[FOM] afterthoughts re my reply to Tim Chow's "Re: Harvey's> effective number theorists."

Timothy Y. Chow tchow at alum.mit.edu
Tue Apr 18 11:15:40 EDT 2006

It seems to me that the discussion has degenerated into quibbling, and I 
am inclined to agree with Harvey Friedman that it does not seem to be 
moving in a productive direction.  I will try to close off the discussion 

Gabriel Stolzenberg <gstolzen at math.bu.edu> wrote:
>But "pushing" suggests that use was made of "not low enough" bounds (or 
>at least techniques invented to get them) to get a low enough one.  Is 
>this what you mean?  It seems to me that you have been silent about this.

If mathematician X proves a bound and mathematician Y proves a better 
bound, it is not uncommon to say that Y pushed X's bound lower, regardless 
of whether Y explicitly cites a theorem of X or uses techniques used by X.  
That, at least, is my experience as a native English speaker.  Perhaps 
your linguistic experience differs.  But this seems to be an argument for 
the compilers of the Oxford English Dictionary, not for FOM.  I can't see 
why it matters for any of the issues we have been discussing what the 
meaning of the word "push" is.  This is why I say that the discussion is 
degenerating into quibbling.

>But my disagreement with Harvey is about the value of pursuing any old 
>bound, not taking into account the time and effort that may be required.
>Thus, according to Harvey, as I understand him, it is a good in
>itself to get ever lower upper bounds for no matter what, whether
>or not we ever get a realistic one and whether or not, in the course
>of trying, we invent techniques that help others to get one.

Consider the following two scenarios.

Scenario A.  Someone proves an extremely interesting nonconstructive 
existence theorem.  Someone else, with a reasonable amount of effort, gets 
a constructive bound, but it's very large and unhelpful.  A third person, 
with perhaps a lot of effort, explicitly uses the techniques of the second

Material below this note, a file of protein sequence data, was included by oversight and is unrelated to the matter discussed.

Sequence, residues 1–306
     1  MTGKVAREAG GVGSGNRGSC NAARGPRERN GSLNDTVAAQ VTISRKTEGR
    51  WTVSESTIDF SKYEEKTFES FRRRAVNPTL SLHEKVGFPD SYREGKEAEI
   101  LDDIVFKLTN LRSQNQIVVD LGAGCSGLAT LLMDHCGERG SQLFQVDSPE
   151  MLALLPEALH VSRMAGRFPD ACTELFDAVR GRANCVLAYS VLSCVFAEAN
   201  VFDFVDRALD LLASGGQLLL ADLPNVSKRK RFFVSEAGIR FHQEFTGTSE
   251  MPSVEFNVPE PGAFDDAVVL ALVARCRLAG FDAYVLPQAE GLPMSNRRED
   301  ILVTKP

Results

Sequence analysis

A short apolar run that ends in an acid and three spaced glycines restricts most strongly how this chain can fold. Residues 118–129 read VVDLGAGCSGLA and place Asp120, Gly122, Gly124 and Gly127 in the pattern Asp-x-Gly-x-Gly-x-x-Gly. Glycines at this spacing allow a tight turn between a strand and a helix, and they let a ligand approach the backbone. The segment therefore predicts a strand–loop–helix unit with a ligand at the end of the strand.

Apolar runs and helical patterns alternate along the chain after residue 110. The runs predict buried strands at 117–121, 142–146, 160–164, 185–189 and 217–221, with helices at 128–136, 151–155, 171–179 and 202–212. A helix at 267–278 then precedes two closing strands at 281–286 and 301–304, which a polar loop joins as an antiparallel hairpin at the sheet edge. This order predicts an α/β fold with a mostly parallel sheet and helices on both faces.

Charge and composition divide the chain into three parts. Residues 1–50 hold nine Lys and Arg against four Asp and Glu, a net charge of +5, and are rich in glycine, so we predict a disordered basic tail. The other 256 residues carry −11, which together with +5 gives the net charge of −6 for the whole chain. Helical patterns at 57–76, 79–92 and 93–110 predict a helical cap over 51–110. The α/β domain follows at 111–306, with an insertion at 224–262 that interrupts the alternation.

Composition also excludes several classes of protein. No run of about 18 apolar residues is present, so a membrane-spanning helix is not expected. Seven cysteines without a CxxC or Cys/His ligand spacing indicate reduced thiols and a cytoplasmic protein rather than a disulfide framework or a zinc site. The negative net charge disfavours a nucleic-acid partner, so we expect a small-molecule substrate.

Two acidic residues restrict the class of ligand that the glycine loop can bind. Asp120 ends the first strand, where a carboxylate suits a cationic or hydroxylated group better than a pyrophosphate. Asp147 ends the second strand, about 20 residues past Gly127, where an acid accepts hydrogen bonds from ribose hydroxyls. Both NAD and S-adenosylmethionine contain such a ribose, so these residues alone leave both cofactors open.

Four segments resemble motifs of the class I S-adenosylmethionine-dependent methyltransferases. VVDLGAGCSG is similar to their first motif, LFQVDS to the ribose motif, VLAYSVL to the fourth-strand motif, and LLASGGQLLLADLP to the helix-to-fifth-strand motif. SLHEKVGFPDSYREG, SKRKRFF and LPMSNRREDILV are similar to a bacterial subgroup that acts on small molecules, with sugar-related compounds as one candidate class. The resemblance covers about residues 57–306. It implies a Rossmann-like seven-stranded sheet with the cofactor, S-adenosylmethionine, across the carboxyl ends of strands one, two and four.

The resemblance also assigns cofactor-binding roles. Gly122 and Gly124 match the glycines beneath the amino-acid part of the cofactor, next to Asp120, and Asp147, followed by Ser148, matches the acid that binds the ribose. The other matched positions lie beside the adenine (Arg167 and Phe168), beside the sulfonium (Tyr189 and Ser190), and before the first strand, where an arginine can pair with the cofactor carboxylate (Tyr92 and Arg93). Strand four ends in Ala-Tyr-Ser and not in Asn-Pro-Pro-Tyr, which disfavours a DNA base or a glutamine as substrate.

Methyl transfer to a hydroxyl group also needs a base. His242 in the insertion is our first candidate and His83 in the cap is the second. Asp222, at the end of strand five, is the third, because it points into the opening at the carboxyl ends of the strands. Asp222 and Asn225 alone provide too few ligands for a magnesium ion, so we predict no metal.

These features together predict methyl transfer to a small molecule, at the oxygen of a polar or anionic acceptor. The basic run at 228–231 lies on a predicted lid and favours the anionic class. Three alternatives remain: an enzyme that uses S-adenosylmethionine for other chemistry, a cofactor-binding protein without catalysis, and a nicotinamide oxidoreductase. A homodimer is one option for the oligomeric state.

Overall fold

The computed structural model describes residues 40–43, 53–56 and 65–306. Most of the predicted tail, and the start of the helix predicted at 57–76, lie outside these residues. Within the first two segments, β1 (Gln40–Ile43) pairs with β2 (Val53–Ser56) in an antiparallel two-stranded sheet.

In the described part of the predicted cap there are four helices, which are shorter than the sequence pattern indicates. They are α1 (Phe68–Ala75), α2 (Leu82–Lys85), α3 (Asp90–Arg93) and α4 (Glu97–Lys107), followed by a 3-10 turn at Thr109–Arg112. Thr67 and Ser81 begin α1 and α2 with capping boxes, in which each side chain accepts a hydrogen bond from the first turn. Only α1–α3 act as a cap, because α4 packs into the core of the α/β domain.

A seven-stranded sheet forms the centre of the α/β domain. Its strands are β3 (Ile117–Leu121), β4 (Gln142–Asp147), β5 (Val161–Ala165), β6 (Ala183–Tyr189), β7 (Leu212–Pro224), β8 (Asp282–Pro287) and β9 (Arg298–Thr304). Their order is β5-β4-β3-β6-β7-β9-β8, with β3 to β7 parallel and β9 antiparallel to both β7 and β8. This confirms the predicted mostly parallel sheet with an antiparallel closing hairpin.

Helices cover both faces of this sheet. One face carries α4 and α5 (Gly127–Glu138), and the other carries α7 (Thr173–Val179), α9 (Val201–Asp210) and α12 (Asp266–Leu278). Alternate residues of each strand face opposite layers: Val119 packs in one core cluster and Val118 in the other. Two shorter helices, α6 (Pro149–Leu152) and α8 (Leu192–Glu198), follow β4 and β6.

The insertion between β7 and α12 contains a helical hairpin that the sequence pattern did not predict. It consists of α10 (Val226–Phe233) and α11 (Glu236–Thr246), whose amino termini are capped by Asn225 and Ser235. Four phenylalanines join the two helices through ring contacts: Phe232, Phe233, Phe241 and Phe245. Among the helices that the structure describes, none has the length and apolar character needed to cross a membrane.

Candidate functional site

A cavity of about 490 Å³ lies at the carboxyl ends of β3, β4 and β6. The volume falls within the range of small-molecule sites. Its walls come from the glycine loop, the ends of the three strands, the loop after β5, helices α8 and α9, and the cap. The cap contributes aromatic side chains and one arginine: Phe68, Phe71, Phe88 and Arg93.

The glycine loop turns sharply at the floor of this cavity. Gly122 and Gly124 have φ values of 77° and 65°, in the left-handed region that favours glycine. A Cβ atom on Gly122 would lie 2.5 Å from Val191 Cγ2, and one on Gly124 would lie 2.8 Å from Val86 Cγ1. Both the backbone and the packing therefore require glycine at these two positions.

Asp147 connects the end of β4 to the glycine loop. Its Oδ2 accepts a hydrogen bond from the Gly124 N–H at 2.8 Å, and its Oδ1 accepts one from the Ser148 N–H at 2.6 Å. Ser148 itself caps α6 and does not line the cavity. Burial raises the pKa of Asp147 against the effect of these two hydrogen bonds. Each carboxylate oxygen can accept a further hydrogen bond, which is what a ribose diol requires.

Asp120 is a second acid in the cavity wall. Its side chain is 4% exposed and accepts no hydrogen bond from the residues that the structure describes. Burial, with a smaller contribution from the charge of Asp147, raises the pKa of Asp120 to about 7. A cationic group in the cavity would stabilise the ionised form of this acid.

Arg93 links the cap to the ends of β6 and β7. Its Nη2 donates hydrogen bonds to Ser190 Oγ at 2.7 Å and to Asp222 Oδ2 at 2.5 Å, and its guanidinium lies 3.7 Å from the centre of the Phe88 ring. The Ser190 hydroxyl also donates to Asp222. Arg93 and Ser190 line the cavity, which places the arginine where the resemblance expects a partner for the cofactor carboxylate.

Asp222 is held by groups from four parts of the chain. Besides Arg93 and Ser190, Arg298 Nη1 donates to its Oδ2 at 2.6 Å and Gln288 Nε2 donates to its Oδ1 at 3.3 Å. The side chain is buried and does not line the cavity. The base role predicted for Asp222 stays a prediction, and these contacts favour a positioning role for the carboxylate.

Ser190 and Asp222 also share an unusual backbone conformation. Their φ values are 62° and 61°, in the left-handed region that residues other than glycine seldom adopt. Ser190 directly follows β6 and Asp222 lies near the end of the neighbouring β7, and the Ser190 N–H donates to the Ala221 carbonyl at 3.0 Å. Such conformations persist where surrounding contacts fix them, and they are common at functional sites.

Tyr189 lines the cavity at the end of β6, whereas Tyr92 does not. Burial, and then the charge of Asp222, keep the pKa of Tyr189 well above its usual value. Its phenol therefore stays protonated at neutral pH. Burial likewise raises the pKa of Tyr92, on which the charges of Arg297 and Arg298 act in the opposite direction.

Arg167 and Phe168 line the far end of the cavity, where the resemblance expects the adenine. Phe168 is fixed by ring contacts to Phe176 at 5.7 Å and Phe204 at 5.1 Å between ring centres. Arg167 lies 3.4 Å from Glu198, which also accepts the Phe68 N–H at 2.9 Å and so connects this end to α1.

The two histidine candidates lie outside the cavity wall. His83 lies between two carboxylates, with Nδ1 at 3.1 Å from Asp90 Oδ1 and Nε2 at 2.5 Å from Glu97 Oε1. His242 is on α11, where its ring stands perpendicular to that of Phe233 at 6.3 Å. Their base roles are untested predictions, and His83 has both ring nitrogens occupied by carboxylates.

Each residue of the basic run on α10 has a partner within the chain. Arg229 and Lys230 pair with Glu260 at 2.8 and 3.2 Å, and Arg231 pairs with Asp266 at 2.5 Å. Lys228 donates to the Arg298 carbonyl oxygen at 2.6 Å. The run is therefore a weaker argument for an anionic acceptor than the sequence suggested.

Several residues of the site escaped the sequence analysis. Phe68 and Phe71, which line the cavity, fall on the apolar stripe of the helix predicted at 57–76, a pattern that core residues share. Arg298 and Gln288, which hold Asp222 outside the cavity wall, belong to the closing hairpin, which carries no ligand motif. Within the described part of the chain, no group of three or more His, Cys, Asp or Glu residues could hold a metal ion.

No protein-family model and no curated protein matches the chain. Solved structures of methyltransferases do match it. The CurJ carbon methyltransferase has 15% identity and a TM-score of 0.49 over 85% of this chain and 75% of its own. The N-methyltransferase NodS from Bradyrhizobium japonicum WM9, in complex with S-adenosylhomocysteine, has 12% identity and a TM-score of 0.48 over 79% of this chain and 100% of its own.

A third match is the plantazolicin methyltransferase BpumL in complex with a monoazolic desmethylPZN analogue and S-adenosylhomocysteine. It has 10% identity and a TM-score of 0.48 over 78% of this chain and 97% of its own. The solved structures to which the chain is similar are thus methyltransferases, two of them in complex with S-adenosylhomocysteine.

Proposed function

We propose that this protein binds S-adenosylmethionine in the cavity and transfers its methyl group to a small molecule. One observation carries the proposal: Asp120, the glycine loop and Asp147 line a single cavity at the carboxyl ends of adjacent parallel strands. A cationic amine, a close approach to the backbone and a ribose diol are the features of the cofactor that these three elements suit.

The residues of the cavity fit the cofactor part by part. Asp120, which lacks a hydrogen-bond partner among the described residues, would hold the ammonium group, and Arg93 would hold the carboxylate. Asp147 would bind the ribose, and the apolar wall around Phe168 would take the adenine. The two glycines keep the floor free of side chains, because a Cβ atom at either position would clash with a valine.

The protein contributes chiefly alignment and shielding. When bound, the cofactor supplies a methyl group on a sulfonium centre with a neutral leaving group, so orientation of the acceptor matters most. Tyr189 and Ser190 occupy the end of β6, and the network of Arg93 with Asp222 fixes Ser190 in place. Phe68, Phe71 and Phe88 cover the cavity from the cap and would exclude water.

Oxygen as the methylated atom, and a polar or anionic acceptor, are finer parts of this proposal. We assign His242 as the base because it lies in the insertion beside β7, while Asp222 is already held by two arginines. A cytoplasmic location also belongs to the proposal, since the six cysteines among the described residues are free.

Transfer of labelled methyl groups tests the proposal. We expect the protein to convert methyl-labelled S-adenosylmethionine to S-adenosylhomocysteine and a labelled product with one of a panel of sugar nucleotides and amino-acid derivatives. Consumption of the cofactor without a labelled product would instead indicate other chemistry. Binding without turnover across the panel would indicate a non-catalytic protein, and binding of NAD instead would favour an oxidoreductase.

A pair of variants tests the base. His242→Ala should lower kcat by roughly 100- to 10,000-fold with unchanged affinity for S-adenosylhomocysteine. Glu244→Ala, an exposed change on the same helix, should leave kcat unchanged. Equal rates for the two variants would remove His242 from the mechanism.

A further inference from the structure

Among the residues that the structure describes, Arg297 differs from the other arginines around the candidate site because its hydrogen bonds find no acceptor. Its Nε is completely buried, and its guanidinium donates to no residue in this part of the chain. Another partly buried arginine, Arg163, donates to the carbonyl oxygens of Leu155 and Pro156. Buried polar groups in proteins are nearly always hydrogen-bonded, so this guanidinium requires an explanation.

person but extends those techniques and arrives at a very low and useful 

Scenario B.  Someone proves an extremely interesting nonconstructive 
existence theorem.  Someone else, with an extraordinary amount of effort, 
manages to get a constructive bound, but it's astronomical and "totally 
useless."  A third person also invests an extraordinary amount of effort, 
uses totally new techniques unrelated to those of the previous workers, 
and gets a slightly better but still astronomically useless bound.  At 
this point, despite concerted attempts by many researchers, some kind of 
very difficult barrier appears to be reached, and further progress is 
stalled indefinitely.

If I understand you correctly, the work done in Scenario A is interesting, 
perhaps even *mathematically* interesting, and perhaps even 
*intrinsically* interesting, and perhaps even *fundamental*.  The second 
person in Scenario A, however, was lucky that the third person built on 
his or her techniques; otherwise, the intrinsic interest of the second 
person's work might have been cast into doubt.

The bounds obtained in Scenario B, however, are of questionable value.  
They're "any old bounds," obtained with too much time and effort, and as 
far as we can tell aren't going to lead to a realistic bound.

If this is indeed what the debate boils down to, then again it seems to me 
to have degenerated past the point of usefulness.  There's no way we can